AW: For me, yes. It's more of a social thing. But social and political things are so close. Politics change the social situation, they are linked, especially in those years.

CU: The demonstration scenes in the film are very effective. How difficult was it to film scenes like that in Santiago ?

AW: Very difficult, because the budget of the movie was so small and because we only had Sundays to do it. It is always difficult to handle a lot of people who have to act. It's not like doing a manifestation of the present, we have to have the dress, make up, hair of the period. So it was difficult, but the extras were really involved in the recreation so it was good.

CU: What kind of reaction did you get from the public while filming these scenes on the streets?

AW: Nobody knew we were filming! A lot of people would stop and look not understanding what was happening. We really were in the crowd. It was shot with only one camera and it was always in the crowd so people watching were thinking 'What this' ( laughs) so it was funny.

CU: I believe there are some very subtle digital effects in the film, the most chilling being the shot of a fighter plane tearing across the sky above Gonzalo's head, en route to bombing the presidential palace. These effects are certainly well hidden within the fabric of the film.

AW: Yeah that was the idea. It was very funny because the first time the 3D people showed me the plane, it went left and right and loop de loop! And I said 'No! Just straight!' ( laughs )I don't want to feel that this is a special effect. And also we erased a lot of things because the city has changed a lot. We erased a lot of modern buildings.

CU: The child actors that play the three main characters all give amazing performances. How were they to work with?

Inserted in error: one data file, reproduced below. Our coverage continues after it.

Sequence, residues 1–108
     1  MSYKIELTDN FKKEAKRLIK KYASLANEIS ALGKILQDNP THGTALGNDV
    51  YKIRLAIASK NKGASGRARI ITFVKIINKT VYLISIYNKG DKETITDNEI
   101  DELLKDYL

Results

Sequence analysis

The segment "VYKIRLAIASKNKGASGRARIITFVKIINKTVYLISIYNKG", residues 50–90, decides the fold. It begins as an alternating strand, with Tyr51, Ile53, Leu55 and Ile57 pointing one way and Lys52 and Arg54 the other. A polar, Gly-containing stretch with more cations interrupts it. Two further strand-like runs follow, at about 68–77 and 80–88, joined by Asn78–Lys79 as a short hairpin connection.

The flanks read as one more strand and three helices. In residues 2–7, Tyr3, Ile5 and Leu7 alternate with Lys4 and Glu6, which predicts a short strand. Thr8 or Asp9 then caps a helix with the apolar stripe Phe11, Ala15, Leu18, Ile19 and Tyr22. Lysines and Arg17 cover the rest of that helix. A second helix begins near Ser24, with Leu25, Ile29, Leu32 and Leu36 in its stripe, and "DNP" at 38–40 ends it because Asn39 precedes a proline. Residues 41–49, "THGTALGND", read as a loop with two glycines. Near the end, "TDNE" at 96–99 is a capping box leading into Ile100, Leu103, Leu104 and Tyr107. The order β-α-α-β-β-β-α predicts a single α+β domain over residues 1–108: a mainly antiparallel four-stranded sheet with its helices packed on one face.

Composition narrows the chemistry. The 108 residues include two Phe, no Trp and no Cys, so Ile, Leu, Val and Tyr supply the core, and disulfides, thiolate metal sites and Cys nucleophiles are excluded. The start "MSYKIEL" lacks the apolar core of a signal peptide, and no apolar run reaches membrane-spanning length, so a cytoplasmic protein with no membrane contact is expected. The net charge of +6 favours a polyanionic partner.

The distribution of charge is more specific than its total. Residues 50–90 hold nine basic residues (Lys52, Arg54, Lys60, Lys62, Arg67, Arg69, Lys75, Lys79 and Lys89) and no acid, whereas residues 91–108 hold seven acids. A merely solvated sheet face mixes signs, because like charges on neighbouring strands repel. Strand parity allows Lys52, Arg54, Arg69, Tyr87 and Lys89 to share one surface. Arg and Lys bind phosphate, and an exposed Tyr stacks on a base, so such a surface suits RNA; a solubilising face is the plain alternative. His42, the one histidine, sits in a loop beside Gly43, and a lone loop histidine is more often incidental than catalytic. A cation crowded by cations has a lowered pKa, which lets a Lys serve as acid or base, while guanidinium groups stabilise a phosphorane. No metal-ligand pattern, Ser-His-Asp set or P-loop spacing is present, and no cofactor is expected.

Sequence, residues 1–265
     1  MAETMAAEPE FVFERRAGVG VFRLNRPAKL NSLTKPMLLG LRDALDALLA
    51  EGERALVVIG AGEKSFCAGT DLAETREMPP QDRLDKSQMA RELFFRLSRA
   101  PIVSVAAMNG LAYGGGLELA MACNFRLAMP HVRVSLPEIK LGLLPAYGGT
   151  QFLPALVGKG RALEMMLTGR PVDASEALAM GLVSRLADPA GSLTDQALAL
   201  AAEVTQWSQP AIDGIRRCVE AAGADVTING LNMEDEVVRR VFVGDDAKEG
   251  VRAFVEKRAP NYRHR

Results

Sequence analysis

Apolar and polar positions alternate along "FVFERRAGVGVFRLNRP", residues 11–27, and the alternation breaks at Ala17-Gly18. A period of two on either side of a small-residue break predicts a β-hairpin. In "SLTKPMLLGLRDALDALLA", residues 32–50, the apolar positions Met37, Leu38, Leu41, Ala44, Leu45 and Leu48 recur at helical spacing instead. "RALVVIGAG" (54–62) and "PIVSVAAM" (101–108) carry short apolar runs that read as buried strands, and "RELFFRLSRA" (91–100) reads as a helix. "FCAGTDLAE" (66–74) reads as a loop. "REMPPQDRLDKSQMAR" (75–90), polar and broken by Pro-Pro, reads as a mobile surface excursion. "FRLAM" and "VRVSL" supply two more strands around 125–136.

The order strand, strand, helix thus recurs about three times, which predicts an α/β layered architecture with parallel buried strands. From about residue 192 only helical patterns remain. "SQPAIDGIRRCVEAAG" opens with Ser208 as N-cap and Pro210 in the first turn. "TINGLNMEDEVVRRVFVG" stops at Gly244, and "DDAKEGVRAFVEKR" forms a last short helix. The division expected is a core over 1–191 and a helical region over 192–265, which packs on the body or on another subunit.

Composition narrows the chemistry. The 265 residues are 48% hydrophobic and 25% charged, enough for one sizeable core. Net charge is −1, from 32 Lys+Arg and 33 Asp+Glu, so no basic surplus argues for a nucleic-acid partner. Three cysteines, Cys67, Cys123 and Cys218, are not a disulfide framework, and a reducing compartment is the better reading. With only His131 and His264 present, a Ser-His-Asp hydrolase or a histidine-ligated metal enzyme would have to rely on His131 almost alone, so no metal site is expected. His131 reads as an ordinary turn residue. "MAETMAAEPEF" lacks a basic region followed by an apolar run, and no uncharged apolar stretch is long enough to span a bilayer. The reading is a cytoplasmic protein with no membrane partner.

AW: There are no professional child actors in Chile , which in a way, is a good thing ( laughs ). We worked with them for seven months so we were very confident. In fact it was very easy to work with them. They were really good.

CU: The film feels very nostalgic, with a lot of light moments. That makes the loss of innocence all the more shattering at the end.

AW: Of course. I started with the idea that for me, I really liked my childhood, I have a lot of good memories and I wanted to put that in the movie. But also, my childhood was in that environment of social difference and also that political backdrop. So in a way it was a very personal mixture of great memories but also very sad memories. You are right, I am very interested in those years not only because of the political history but also it was my years of childhood.

CU: Gonzalo's mother is an interesting character: her selfishness, her materialism, and her loveless affair with the richer older man, who keeps giving Gonzalo Lone Ranger books (an ironic choice in that it portrays a cowboy with an Indian friend) seems symbolic of the collective collusion of the middle classes during the Pinochet years.

AW: I don't want to talk about symbols. The character of the mother, she is not political in a way -even though she is. The personal is the political. For me the important thing is the relationship she has with Gonzalo. She is a superficial woman, the kind of woman that has never grown up - but she loves her son. And he loves her back. I really liked the idea that a son is loyal to his mother, no matter what. I wanted these characters to be three-dimensional.

CU: Machuca's success has coincided with a renewed desire in Chile to examine the past, a process that perhaps started with Pinochet's period of house arrest in the UK in 1998?

AW: That was a turning point. I was happy. He had cheated everyone. There were charges of economic fraud as well as the years of human rights abuses. The situation in Chile started to change after this point. His image changed, he lost his dignity. The younger generation got to see who he really is. One thing that I am proud of is that the film has provoked debate and conversations between the generations. It has created a link between the generations.

CU: Given that there has been a lack of justice for the victims of the dictatorship in Chile , how do you think the country can move towards true reconciliation?

AW: I don't know. Maybe we only now have the strength to do it. The return to democracy has come in drops. Justice comes slow. True reconciliation may only truly happen when the generation that lived through that era is dead. They have a different appreciation of that time. When they are gone, the younger generation will take the country forward.

Gus Alvarez